Mechanistic Characterization and Function Discovery of Phosphohydrolase Enzymes from the Amidohydrolase Superfamily
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Rapid advances in genome sequencing technology have created a wide gap between the number of available protein sequences, and reliable knowledge of their respective physiological functions. This work attempted to bridge this gap within the confines cog1387 and cog0613, from the polymerase and histidinol phosphatase (PHP) family of proteins, which is related to the amidohydrolase superfamily (AHS). The adopted approach involved using the mechanistic knowledge of a known enzymatic reaction, and discovering functions of closely related homologs using various tools including bioinformatics and rational library screening. L-histidinol phosphate phosphatase (HPP) catalyzes the penultimate step in the biosynthesis of the amino acid: L-histidine. Recombinant HPP from L.lactis was purified and its metal content and activity were optimized. Mechanistic and structural studies were conducted using pH-Rate profiles, solvent isotope, viscosity effects, site-directed mutagenesis, and X-ray crystallography. These studies, along with extensive bioinformatic analysis, helped determine the boundaries of HPP activity among closely related enzyme sequences within cog1387. Elen0235 from cog0613 was shown to hydrolyze 5-phosphoribose-1,2-cyclicphosphate (PRcP) to ribose-5-phosphate (R5P) and inorganic phosphate (Pi), with ribose-2,5-bisphosphate as a catalytic intermediate. The mechanism involved sequential hydrolysis of the two P-O bonds of the cyclic phosphodiester, by the attack of nucleophilic hydroxide at the P-center in both steps. Cv1693 from cog0613 was shown to hydrolyze 3ʹ-phosphate from 3ʹ,5ʹ-diphosphoadenosine (pAp) and other diphosphonucleotides. However, enzymes from at least two other COGs, i.e. 1218 and 0618, are capable of hydrolyzing pAp. The authentic pAp-3ʹphosphatases from the three COGs under study were determined, and a thorough sequence network analysis of the respective COGs was performed. It was determined that the distribution of pAp-3ʹ-phosphatase from each of the 3 families is largely mutually exclusive in bacteria. This work supported the hypothesis that the physiological role of the target enzyme in vivo is the hydrolysis of pAp. TrpH from Escherichia coli was found to hydrolyze pAp efficiently. However, when the substrate profile of this enzyme was probed further, this enzyme was found capable of hydrolyzing oligonucleotides bearing a 5ʹ-phosphoryl functional group with comparable efficiency. Further biochemical characterization revealed that this enzyme catalyzes the hydrolysis of oligoribonucleotides sequentially from 5ʹ→3ʹ.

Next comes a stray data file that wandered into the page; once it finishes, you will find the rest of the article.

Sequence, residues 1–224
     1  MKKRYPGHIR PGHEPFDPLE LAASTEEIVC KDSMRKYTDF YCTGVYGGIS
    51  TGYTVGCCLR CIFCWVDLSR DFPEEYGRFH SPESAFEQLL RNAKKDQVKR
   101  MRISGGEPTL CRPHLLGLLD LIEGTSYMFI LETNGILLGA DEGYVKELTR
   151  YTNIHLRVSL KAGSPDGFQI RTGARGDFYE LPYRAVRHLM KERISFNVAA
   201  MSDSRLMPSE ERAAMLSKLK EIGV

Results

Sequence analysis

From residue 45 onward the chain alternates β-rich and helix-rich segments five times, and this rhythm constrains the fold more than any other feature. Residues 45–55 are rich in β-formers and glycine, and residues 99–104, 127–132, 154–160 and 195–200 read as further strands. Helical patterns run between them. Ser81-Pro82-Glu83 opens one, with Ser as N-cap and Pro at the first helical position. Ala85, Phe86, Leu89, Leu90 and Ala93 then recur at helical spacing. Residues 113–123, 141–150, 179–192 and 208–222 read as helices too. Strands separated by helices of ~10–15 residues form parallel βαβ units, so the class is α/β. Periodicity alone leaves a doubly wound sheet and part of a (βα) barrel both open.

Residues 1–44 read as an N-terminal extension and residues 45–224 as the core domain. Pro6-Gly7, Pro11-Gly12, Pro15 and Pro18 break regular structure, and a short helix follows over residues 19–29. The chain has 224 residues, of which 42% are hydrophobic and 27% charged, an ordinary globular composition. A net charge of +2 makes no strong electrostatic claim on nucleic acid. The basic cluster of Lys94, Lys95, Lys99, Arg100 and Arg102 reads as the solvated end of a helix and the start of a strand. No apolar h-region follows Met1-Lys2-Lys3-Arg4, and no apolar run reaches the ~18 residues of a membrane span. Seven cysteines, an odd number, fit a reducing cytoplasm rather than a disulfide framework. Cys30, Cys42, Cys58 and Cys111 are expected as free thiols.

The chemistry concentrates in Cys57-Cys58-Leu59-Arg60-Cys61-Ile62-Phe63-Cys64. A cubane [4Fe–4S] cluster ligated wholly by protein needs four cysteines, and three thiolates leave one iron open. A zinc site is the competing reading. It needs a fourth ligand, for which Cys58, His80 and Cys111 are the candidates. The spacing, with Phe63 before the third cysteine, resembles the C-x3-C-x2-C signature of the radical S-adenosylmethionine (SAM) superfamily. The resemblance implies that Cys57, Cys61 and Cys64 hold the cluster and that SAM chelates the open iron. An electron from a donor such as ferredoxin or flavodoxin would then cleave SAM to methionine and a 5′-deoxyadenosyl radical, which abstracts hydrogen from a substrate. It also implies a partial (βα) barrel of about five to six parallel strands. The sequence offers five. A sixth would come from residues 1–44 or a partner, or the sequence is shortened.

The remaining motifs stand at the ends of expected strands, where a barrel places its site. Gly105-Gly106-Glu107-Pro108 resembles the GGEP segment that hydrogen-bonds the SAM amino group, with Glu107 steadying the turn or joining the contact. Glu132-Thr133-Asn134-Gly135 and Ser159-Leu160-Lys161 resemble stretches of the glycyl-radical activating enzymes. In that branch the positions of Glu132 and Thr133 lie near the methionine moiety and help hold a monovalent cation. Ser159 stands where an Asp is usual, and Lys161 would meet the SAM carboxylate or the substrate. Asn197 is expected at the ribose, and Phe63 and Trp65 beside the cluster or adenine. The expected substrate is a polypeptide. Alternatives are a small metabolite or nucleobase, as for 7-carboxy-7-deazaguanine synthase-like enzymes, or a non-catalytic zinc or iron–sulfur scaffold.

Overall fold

polymerase and histidinol phosphatase family
L-histidinol phosphate phosphatase
cyclic phosphate dihydrolase
Ghodge, Swapnil Vijay (2015). Mechanistic Characterization and Function Discovery of Phosphohydrolase Enzymes from the Amidohydrolase Superfamily. Doctoral dissertation, Texas A & M University. Available electronically from